Support for double-loop learning throughout implementation is especially important in cases where adaptive management is needed in the face of ongoing uncertainty, and assumptions need to be revised. Similarly, when there is a clear theory of change underpinning an initiative it can be important to review and revise this throughout implementation.
RTE explicitly addresses all three types of learning – single loop (identifying discrepancies), double-loop (supporting revisiting of assumptions and the implications for making changes to the theory of change and implementation activities), and triple-loop (reviewing what evidence is being used and how to support decision making).
5. Engaging different users together in dialogue for sensemaking and action planning
Sometimes, evaluations are focused primarily on producing an independent judgment and conclusions. Implementers are seen mostly as data sources, and potentially evaluation users, with the external evaluator drawing conclusions and making recommendations that are reported back for uptake.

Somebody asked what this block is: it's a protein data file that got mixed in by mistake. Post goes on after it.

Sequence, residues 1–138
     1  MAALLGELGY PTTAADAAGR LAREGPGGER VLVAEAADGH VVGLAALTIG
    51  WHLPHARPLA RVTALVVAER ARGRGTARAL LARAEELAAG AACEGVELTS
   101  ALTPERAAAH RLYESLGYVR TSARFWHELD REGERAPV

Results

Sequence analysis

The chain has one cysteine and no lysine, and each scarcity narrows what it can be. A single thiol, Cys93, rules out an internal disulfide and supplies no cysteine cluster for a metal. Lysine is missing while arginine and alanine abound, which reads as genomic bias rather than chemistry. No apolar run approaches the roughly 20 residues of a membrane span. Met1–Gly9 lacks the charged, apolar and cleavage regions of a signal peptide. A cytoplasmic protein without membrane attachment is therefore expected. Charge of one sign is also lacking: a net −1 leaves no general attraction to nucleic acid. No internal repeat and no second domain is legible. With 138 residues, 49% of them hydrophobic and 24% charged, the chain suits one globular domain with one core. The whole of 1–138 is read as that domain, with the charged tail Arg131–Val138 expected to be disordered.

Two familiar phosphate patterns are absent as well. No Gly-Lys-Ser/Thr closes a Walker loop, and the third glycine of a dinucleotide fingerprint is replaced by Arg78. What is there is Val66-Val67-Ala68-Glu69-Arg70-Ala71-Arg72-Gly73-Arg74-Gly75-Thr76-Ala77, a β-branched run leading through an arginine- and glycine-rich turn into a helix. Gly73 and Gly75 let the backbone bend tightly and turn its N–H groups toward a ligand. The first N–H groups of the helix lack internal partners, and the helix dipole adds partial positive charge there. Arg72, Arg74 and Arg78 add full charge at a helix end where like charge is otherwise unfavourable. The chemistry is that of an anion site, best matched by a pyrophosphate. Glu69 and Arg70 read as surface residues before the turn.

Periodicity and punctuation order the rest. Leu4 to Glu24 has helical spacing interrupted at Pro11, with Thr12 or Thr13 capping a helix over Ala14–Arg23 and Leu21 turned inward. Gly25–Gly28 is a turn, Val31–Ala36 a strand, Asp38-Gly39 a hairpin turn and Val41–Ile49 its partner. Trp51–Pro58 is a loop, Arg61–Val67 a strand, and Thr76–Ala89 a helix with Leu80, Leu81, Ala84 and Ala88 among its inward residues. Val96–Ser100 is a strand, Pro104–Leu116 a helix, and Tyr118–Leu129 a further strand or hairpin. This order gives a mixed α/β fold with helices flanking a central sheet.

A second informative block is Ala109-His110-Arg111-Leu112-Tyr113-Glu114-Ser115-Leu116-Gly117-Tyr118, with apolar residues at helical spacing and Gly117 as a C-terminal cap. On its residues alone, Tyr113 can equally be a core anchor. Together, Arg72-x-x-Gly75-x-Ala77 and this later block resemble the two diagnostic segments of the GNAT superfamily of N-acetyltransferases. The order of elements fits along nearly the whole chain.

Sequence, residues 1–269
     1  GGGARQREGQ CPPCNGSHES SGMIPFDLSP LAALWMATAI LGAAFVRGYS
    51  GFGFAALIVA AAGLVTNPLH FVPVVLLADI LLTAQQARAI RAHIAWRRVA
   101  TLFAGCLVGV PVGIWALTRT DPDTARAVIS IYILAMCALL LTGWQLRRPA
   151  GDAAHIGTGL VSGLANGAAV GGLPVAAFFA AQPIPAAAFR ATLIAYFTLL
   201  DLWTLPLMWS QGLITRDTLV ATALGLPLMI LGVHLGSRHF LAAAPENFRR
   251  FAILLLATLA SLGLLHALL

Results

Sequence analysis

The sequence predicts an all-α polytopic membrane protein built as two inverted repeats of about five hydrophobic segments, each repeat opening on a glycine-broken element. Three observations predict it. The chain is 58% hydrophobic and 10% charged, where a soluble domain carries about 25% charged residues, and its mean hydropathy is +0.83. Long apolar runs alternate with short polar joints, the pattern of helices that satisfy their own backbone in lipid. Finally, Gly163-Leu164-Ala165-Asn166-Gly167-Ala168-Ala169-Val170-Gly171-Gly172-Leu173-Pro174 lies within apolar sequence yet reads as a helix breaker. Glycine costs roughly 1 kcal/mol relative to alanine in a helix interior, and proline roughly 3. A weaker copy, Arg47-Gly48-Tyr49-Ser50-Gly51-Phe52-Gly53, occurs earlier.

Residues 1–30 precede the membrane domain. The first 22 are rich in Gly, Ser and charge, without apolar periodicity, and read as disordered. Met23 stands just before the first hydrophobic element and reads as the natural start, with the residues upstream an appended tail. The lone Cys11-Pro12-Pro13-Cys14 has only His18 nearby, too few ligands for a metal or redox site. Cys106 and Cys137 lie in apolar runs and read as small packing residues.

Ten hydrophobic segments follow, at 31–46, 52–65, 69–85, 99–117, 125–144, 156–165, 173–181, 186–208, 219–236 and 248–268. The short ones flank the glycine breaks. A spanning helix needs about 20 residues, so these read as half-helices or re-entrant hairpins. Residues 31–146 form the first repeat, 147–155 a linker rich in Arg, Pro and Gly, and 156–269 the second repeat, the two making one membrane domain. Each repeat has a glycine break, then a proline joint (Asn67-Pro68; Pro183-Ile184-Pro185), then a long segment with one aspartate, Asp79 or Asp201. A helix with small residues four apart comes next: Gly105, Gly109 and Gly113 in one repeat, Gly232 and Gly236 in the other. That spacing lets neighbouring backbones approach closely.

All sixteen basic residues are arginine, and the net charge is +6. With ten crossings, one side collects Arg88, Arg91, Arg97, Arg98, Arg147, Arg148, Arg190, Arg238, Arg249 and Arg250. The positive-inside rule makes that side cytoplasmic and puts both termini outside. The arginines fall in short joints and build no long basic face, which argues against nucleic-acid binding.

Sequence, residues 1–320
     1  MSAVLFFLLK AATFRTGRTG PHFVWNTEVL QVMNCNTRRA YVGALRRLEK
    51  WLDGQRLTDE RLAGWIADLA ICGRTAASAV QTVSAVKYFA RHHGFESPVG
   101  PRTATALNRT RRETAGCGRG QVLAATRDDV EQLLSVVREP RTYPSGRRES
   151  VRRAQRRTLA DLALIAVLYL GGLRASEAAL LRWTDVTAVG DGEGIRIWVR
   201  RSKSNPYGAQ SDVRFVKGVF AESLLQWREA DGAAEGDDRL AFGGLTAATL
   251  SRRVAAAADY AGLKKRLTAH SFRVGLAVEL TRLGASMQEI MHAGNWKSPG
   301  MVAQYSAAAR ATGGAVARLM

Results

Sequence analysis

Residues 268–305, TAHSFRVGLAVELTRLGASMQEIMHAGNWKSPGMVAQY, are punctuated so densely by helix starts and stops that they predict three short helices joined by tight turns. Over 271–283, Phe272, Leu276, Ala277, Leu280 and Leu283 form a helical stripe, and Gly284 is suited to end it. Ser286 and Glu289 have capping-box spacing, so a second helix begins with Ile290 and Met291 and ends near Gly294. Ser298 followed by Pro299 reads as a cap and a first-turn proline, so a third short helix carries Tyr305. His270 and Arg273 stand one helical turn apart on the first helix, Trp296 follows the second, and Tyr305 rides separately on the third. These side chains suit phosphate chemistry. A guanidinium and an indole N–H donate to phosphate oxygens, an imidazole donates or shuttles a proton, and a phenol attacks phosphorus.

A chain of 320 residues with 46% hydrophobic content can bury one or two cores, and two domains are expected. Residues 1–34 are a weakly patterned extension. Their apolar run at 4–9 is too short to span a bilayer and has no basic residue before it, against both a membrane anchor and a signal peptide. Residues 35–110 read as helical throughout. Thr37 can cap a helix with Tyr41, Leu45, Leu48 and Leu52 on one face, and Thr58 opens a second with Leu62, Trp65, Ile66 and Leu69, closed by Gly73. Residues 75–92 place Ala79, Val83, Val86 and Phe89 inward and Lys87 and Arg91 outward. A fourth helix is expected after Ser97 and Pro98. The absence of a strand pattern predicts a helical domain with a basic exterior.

RTE explicitly involves bringing a range of stakeholders together to make sense of the data and jointly develop recommendations for action, bringing greater expertise to bear, and also developing greater ownership of and commitment to the findings and recommendations.
When is a real-time evaluation not suitable?
While there are real benefits to using an RTE over a conventional evaluation in certain situations, it’s important to be aware that RTE is not always appropriate. There can be potential risks in RTE when chosen in unsuitable contexts or not implemented well – especially in terms of providing inadequate information to inform decision-making.
In particular, the rapid data collection process, and rapid sensemaking and reporting, can increase the risk of drawing invalid conclusions, through inadequate data collection and analysis or through inadequate management of cognitive biases such as confirmation bias, where people tend to notice and remember information that confirms their existing understanding. We recommend the brief, ‘How shortcuts cut us short: Cognitive traps in philanthropic decision-making’, by Tanya Beer and Julia Coffman for some specific strategies to manage cognitive biases.